If you're reading this, I'm earning money. Thanks for helping to feed my family. Please see our disclosure for more information. Also, any advice provided is for informational purposes only. I'm not a CPA, lawyer, or doctor, although my parents wanted me to be all three. So, talk to a professional before acting on anything you read below.
Breaking the plateau by changing your workout routine is no easy task. In today's contributed post, we give you a few ideas to start that fitness journey to the next level.
When we've found a workout routine that really works for us, we can feel loathe to change it at all.
You may find a specific form of ab workout that really sculpts your stomach, but for every single one of us, we can hit a plateau.
What is the solution to overcoming this, when we hit that point where we become stagnant and are not able to build additional muscle?
Changing your workout regime. But there are so many different schools of thought on changing your workout routine.
Why should you do it, and how often should you change?
Apart from the difficulty of gaining extra muscle, one of the main reasons you should think about changing your workout routine is that you could change your goals.
For example, if you had a goal at the very outset to get stronger, but now it's changed to something like losing fat or building a better set of muscles, the workout routine needs to change to reflect your new goals.
On the other hand, it could be a very simple fact that you are bored. You may have got to the point that your motivation is so low that you really can't be bothered to hit all those muscles with the same intensity that you used to.
Or on the other hand, it could very well be schedule related, meaning that you need to alter your workout to better suit your lifestyle.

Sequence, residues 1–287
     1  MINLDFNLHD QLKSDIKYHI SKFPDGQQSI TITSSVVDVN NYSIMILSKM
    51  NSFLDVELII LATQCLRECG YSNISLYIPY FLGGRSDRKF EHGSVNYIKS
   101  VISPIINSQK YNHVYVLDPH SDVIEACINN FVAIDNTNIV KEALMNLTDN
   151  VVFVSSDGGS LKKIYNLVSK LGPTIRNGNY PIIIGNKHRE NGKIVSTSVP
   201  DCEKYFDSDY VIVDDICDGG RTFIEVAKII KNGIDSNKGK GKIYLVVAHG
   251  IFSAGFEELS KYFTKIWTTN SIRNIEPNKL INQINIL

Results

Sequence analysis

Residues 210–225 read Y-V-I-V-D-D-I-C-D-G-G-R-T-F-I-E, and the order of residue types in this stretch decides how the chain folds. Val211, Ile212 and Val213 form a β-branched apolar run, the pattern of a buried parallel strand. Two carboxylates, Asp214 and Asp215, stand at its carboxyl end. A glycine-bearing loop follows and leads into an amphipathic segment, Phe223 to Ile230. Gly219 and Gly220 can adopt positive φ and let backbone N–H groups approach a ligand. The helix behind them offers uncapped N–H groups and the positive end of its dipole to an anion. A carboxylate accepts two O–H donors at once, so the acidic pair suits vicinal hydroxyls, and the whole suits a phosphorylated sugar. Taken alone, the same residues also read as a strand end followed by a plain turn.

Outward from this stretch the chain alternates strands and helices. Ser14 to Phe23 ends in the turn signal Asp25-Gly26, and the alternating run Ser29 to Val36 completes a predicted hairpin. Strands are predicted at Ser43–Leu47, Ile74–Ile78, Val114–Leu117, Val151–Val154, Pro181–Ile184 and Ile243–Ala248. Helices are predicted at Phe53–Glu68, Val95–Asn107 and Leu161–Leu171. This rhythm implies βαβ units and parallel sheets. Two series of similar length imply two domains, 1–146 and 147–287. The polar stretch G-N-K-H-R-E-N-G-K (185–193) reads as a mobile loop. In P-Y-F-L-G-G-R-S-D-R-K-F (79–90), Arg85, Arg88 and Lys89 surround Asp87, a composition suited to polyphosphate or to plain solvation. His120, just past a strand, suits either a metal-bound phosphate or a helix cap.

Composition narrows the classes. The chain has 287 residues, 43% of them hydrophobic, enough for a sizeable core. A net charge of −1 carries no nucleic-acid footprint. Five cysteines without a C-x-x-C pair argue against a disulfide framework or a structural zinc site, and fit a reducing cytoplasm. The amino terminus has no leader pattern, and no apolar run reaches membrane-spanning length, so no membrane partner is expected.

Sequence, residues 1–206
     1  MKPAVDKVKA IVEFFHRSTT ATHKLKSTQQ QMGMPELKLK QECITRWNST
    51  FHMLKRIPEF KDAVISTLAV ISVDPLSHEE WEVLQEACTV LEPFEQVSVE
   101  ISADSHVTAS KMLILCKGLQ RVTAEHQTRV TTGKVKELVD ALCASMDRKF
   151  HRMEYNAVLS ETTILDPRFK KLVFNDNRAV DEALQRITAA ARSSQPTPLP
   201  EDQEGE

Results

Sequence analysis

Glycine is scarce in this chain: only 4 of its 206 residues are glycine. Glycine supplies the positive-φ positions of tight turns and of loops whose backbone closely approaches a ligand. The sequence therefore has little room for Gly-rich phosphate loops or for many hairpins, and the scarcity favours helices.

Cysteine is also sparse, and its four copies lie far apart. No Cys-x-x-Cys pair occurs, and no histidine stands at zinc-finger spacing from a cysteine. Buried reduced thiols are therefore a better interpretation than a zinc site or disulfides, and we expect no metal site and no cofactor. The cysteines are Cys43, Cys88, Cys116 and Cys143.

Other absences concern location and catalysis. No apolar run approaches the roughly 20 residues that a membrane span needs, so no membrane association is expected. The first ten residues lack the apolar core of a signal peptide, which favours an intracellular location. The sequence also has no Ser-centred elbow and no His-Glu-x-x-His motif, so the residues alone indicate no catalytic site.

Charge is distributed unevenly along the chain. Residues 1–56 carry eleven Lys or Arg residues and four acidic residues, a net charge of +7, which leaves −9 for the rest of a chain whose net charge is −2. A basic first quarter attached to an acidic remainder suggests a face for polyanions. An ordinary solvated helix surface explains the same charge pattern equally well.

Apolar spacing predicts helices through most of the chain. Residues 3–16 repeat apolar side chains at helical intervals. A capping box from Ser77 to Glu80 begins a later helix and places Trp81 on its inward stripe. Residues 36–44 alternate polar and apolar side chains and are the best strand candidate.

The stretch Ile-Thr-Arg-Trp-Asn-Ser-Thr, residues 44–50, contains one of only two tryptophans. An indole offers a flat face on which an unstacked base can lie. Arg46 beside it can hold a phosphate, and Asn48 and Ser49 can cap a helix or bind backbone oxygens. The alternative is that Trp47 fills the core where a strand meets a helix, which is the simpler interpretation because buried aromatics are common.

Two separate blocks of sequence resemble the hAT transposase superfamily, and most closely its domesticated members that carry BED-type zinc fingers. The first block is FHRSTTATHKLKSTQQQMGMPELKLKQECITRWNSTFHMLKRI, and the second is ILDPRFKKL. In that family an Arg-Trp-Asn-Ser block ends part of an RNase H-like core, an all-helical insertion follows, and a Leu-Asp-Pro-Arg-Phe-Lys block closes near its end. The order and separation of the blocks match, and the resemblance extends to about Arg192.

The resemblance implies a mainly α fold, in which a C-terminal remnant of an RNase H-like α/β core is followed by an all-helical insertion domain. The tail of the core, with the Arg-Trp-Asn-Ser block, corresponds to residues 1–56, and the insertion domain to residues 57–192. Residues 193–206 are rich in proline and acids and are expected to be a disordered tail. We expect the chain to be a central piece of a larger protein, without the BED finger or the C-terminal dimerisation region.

The solutions are varied, but, it doesn't always require an extreme change.
Your muscles do benefit from your workouts being constantly shaken up, but if your goals are strength related, you need to work that muscle appropriately.
Sometimes, it's as simple as swapping from something like a squat to a lunge. The exercises are, in essence, working the same sort of muscle, but it's making a smaller change within the workout. The structure is still the same, but the exercises are slightly different so that you notice the difference, but it's not a seismic change.
If you are struggling because of a lack of motivation, say, if you've been working out at home, the mental stimulus of getting to a gym near you, where you are able to see other people working out and how much their lifting, squatting, etc, could provide you with that bit of motivation you've needed, in which case, you don't actually have to change your workout routine. Instead, you can just lift heavier!
They say you should change your workout routine approximately every 8 weeks, but in fact, you may not need to completely get rid of your workout regime.
It depends on the reasons, but if you have no reason to make a change, then there is no need. The goal of a workout is to challenge your body.
If you are doing this, then mission accomplished! When we break it down to the biomechanical reasons we gain muscle, it's about our body adapting to the stimulus.
So, if you are feeling challenged by the stimulus you’re putting your body under, then there is no need to do anything different.
Related: Best Half Marathon Playlist
Don’t Let Your Life Derail Your Finances
Don’t Let Sickness Sidetrack Your Business
Easy Ways To Boost Your Energy To Improve Productivity
How To Find The Perfect Balance Between Work And Family Life
How To Never Pay for In-Game Currencies Again
How Does Bankruptcy Work?
How to Protect High-Voltage Insulators against Contaminants
4 Tips to Find a Good Home Loan in Tasmania